With the transformation of the CFO role from finance-centric to a multi-dimensional, people-centric position, more finance chiefs have taken a hands-on approach to their leadership styles. To keep managers and employees motivated, productive, and involved in decision-making, many finance leaders prioritize their presence within their own teams and the rest of the company. They need to do so, of course, without becoming overbearing to managers.
According to the Q2 2023 CFO Outlook Survey, managers blamed executives for their innovation issues. Whether it’s a perception of a lack of autonomy provided by leadership or a feeling their opinions aren’t being considered in innovation decision-making, some managers believe their hands are tied when it comes to modernizing. According to the CFO survey data collected from 500 business leaders, 61% of managers believe the executive leadership of their companies is holding them back from innovation.
Despite their feelings about their bosses’ role in progressing innovation, data shows managers are motivated to do well but may be looking for the next best career option. Nearly all (99%) of directors and managers indicated they were highly motivated, surpassing the 85% of managers who felt the same in last quarter’s survey. Still, according to CFO data, half of managers and directors stated they were actively looking for another job.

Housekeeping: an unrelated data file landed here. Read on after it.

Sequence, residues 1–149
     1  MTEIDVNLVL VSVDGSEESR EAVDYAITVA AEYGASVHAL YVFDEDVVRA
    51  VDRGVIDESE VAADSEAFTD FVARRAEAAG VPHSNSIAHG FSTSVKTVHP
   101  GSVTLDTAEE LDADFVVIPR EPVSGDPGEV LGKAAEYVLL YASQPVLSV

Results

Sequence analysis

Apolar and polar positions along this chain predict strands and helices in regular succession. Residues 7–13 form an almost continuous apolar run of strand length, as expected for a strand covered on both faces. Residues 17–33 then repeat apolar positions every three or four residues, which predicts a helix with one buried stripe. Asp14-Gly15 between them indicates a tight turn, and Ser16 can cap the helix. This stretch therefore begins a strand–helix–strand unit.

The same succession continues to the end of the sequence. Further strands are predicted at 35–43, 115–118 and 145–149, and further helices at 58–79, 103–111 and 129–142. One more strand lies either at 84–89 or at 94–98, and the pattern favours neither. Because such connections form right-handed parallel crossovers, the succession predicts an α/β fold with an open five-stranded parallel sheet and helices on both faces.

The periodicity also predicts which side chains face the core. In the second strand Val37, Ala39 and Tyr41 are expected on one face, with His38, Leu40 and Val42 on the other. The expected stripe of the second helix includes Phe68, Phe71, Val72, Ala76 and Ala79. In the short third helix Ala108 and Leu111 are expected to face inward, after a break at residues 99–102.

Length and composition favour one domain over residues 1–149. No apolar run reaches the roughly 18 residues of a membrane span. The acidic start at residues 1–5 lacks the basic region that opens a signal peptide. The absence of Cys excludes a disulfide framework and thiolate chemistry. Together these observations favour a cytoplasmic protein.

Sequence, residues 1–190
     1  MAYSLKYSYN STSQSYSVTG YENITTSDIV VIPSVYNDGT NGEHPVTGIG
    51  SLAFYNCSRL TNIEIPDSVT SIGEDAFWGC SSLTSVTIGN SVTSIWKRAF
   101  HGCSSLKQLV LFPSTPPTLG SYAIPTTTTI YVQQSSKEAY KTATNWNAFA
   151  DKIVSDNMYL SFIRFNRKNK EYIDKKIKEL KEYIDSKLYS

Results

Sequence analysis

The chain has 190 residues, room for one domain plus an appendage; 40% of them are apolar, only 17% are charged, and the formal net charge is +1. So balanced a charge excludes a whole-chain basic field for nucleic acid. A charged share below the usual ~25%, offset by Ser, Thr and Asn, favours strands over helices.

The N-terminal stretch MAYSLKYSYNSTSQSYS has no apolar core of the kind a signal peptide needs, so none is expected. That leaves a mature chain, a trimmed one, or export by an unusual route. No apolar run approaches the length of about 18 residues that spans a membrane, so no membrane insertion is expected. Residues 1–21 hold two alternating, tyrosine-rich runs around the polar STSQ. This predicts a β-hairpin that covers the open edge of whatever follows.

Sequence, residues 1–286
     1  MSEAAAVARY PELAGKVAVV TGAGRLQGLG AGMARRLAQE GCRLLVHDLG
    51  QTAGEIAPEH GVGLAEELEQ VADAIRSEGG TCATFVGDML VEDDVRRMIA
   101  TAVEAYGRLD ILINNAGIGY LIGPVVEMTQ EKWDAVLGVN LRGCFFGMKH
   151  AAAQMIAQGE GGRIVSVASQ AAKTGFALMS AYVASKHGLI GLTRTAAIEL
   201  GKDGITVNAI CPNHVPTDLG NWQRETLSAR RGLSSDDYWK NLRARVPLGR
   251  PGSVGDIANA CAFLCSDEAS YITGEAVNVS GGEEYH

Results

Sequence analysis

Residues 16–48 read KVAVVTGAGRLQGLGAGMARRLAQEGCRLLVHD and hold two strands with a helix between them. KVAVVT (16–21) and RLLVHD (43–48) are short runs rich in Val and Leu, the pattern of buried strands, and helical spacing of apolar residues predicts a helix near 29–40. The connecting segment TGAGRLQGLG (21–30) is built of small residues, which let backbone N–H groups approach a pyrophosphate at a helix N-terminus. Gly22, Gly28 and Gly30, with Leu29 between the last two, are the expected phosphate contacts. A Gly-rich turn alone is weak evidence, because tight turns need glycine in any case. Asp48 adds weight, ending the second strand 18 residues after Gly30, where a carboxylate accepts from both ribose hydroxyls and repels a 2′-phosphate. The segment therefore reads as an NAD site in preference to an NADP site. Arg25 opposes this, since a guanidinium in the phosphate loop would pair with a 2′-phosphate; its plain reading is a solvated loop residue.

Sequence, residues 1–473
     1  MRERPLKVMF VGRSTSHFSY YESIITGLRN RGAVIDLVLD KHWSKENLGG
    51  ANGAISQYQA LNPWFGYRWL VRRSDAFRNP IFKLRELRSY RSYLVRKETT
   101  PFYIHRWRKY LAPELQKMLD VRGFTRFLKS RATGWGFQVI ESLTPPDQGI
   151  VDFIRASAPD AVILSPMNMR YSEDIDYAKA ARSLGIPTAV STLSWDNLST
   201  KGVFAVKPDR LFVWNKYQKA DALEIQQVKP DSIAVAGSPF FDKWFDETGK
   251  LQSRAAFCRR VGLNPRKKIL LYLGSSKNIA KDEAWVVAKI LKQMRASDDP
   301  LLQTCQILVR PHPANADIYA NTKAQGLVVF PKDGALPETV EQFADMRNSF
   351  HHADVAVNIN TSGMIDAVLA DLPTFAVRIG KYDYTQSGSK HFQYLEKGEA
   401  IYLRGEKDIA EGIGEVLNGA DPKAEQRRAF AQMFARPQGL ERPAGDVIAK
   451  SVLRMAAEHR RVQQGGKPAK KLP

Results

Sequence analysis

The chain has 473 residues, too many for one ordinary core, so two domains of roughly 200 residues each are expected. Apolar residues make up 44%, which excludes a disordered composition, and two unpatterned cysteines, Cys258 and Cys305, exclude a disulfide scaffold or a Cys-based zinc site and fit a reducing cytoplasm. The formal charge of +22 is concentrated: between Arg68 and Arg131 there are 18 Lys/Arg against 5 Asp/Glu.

Managers, many of whom have been given a chance to implement work models of their choosing by their executives’ teams, have had a hand in innovation from a work environment perspective. Over two-thirds (67%) of managers told CFO their organizations have pivoted to a hybrid work model. Nearly half (45%) said they did this due to company requirements, while just over a fifth (22%) said their work model is dictated by the preference of the employees they manage.
As innovation in finding and securing quality talent can be just as valuable as incorporating some kind of automation, those in leadership positions were nearly unanimously confident in the people and systems they had in place to address the skills required for further technology implementation. Ninety-three percent of all executives were confident they could meet these demands in the future.
Executives were interested, for example, in how technology like ChatGPT could help their companies innovate. According to the CFO survey, 69% of companies planned to increase their use of artificial intelligence. A small portion remained skeptical — one in 10 planned to decrease or abandon their current approach to AI by the end of the year.
Managers frustrated with their executive team’s involvement in innovation must realize the widespread pressures executives have to deal with. On top of an unpredictable economy, banking disruption, and labor shifts, pressures around environmental, social, and corporate governance (ESG) may be reaching a breaking point.
According to the data, 94% of all executives said they felt some pressure from their companies to prioritize ESG initiatives. For many in leadership, these new business practices, which can blur the lines between business and politics, have become paramount in conversations with fellow executives, investors, employees, and even customers.
As measures like the corporate equality index have begun pushing companies to promote ESG practices, leadership may be scrambling to keep up with new regulations that significantly affect what their companies are worth.